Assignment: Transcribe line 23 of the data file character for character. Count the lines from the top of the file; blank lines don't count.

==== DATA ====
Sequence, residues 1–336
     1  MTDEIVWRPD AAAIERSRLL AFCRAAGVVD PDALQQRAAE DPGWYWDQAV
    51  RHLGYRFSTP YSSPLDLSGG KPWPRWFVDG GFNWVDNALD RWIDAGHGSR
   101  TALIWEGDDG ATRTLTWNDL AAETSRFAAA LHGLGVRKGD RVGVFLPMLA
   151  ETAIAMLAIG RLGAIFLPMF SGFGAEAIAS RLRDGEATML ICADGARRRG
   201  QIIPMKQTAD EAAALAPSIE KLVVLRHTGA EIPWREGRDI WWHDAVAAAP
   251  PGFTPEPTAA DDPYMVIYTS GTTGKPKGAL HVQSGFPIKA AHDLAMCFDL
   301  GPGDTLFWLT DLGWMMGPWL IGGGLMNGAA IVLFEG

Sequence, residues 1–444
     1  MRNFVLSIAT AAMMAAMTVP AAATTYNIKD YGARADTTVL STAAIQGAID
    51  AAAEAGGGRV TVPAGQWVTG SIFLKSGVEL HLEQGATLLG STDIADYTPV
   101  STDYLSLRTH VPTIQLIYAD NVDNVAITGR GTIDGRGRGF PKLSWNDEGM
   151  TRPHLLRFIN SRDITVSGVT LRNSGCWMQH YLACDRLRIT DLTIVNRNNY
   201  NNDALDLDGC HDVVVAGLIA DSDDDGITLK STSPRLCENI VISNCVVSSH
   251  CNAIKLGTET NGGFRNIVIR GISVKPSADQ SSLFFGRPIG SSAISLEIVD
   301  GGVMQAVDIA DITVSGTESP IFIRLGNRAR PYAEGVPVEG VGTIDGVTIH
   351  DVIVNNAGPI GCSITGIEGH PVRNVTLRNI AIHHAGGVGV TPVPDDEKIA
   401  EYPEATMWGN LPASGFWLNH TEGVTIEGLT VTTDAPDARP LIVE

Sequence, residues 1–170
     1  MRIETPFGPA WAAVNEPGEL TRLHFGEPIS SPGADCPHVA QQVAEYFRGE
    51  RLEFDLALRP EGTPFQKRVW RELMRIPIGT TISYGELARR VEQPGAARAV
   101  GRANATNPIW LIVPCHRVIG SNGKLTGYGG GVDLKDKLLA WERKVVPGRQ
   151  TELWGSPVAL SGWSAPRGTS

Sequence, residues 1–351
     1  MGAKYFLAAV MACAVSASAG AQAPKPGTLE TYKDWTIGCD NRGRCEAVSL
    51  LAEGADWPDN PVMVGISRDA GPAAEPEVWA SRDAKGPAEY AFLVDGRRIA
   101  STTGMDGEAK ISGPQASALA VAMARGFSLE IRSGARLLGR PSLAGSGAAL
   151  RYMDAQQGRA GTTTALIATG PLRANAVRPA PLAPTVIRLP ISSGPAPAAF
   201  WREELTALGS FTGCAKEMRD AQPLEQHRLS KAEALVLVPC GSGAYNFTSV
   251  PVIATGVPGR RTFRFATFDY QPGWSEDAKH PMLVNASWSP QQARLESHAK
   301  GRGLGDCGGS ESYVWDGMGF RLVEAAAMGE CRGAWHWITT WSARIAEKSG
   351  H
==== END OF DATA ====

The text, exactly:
   151  TELWGSPVAL SGWSAPRGTS